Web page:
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Energy Quote of the Day: 'The Rules Remain Outdated'

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As we reported last November, US crude oil export laws can be absurd, with policies regulating condensate exports particularly convoluted. Thus it appears two forward-thinking companies took advantage of this “squishy” legal situation to gain condensate export approval.

Deemed “private classification orders” by the Commerce Department’s Bureau of Industry and Security, the decision allows Pioneer Natural Resources and Enterprise Product Partners to export minimally-processed condensate, a hydrocarbon some consider an ultra-light crude. By processing the condensate through a stabilizer, the resulting liquid is classified as a refined product that can be exported under existing laws.

Condensate is a gas when it travels up through an oil or gas producing well, but condenses into a liquid at the surface. Condensate can also be produced through the crude oil refining process or from natural gas processing.

“Lease condensate is classified by the molecule laws as crude oil”, whereas “natural gasoline, even though it’s exactly the same stuff chemically, you can export it just fine,” explained Rusty Braziel President of RBN Energy, at the Center for Strategic and International Studies last November.

So it appears the Commerce Department ruling could motivate other companies to file similar requests and the general consensus among analysts is this ruling represents a symbolic first step toward relaxing the 39-year crude oil export ban, which is what many US producers are pushing for.

“Commerce’s decision to allow companies to process condensate and export the resulting products is a reasonable first step that reflects the new reality of our energy landscape,” Murkowski said. “The rules remain outdated, nonetheless, and should be modernized. I continue to urge the administration to fully lift the ban on crude oil and condensate exports.” – Alaska Senator Lisa Murkowski as reported by Fuel Fix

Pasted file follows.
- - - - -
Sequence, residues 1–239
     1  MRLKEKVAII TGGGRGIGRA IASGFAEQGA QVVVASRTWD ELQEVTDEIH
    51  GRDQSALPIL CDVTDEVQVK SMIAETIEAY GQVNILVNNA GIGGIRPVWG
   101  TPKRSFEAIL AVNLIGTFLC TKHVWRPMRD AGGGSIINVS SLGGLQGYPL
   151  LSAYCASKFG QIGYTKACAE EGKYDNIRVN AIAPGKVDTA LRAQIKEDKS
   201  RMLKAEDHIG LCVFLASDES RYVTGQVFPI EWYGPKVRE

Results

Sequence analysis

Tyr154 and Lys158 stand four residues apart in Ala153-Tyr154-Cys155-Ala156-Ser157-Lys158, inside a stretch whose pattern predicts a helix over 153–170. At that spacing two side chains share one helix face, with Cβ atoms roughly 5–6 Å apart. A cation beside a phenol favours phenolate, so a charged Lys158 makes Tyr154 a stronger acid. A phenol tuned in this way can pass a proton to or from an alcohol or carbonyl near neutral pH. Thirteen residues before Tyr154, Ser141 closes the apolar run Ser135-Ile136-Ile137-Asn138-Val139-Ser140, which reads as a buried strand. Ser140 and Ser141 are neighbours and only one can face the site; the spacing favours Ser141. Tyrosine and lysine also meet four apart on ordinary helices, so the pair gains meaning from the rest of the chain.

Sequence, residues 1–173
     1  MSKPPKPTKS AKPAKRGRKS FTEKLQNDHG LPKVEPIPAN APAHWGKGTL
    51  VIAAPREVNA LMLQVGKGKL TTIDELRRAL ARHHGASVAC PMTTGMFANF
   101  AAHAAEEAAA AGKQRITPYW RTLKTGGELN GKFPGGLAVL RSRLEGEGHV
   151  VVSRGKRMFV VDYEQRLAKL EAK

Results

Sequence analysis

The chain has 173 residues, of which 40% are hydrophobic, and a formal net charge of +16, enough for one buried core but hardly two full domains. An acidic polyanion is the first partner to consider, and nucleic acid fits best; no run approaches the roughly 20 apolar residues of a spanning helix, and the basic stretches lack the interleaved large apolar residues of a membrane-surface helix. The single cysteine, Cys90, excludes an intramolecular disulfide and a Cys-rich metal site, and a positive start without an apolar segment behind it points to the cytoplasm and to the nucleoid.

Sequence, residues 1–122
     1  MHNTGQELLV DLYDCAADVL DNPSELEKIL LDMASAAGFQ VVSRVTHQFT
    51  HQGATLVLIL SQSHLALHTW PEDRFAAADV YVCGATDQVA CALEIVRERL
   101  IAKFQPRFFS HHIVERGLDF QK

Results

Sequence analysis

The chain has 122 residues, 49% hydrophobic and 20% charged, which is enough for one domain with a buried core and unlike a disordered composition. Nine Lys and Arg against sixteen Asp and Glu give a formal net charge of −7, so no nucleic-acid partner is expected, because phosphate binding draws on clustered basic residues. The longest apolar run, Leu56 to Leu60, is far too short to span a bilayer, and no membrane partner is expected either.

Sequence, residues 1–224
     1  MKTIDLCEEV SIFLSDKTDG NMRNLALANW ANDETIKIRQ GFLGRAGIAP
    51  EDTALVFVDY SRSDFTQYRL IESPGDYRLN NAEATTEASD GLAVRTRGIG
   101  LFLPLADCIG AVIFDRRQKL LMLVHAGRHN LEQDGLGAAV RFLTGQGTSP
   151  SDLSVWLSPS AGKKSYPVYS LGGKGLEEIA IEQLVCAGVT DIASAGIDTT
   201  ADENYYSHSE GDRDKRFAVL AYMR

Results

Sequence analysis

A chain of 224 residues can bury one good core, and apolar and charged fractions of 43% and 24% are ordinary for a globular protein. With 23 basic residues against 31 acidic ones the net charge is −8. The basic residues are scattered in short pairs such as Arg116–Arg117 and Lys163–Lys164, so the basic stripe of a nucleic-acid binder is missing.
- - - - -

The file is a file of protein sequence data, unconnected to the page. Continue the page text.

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John Miller's picture
John Miller on June 27, 2014

The (export restriction) rules may be dated, but the recent changes are obviously biased towards ‘Upstream’ (Crude Oil Production) Companies and possibly at the expense of ‘Downstream’ (Refining & Marketing) Companies and U.S. energy security.  In an ideal International ‘free market’ and ‘secure/stable’ World, the Federal Government should not be concerned with the impacts of exporting and importing oil or any other critical commodity.  After all, free trade is a major driver of many International economies; past, current and the foreseeable future.  However, the timing is not without substantial risk.  Despite the huge expansion in U.S. domestic oil (including condensate) production in recent years, the U.S. still has ‘net imports’ of 5.7 million barrels per day (MBD) or just over 30% of total consumption (‘petroleum products supplied’).  With the current and growing instabilities in the Middle East, U.S. energy security is at considerable risk; possibly to similar the levels that existed in the 1970’s – 80’s.   Re. a past TEC Post: “What are the Largest Risks to U.S. Energy Security?”.

Another factor is the impact on Downstream U.S. Refining.  Due to the increased production of lighter crude oil-condensate (blends of propanes, butanes, light gasoline and some very light distillates), many Refiners are in the process of developing and investing in processing modifications (installing new equipment) in order to efficiently, safely and cleanly process this growing domestic condensate feedstock.  The Commerce Department’s decision to unilaterally change the definition of ‘finished/refined’ products allowed for export creates a huge uncertainty and investment risk for these Downstream Refining investments.  If the Upstream Producers are allowed to export the condensate, this action effectively kills the economics of new Refining projects that would otherwise increase domestic construction and manufacturing jobs.  This action to export light crude oil condensate is likely to have a very low overall benefit to the U.S. economy under current domestic-international conditions compared to processing the condensate domestically into finished products (for domestic consumption and/or export).

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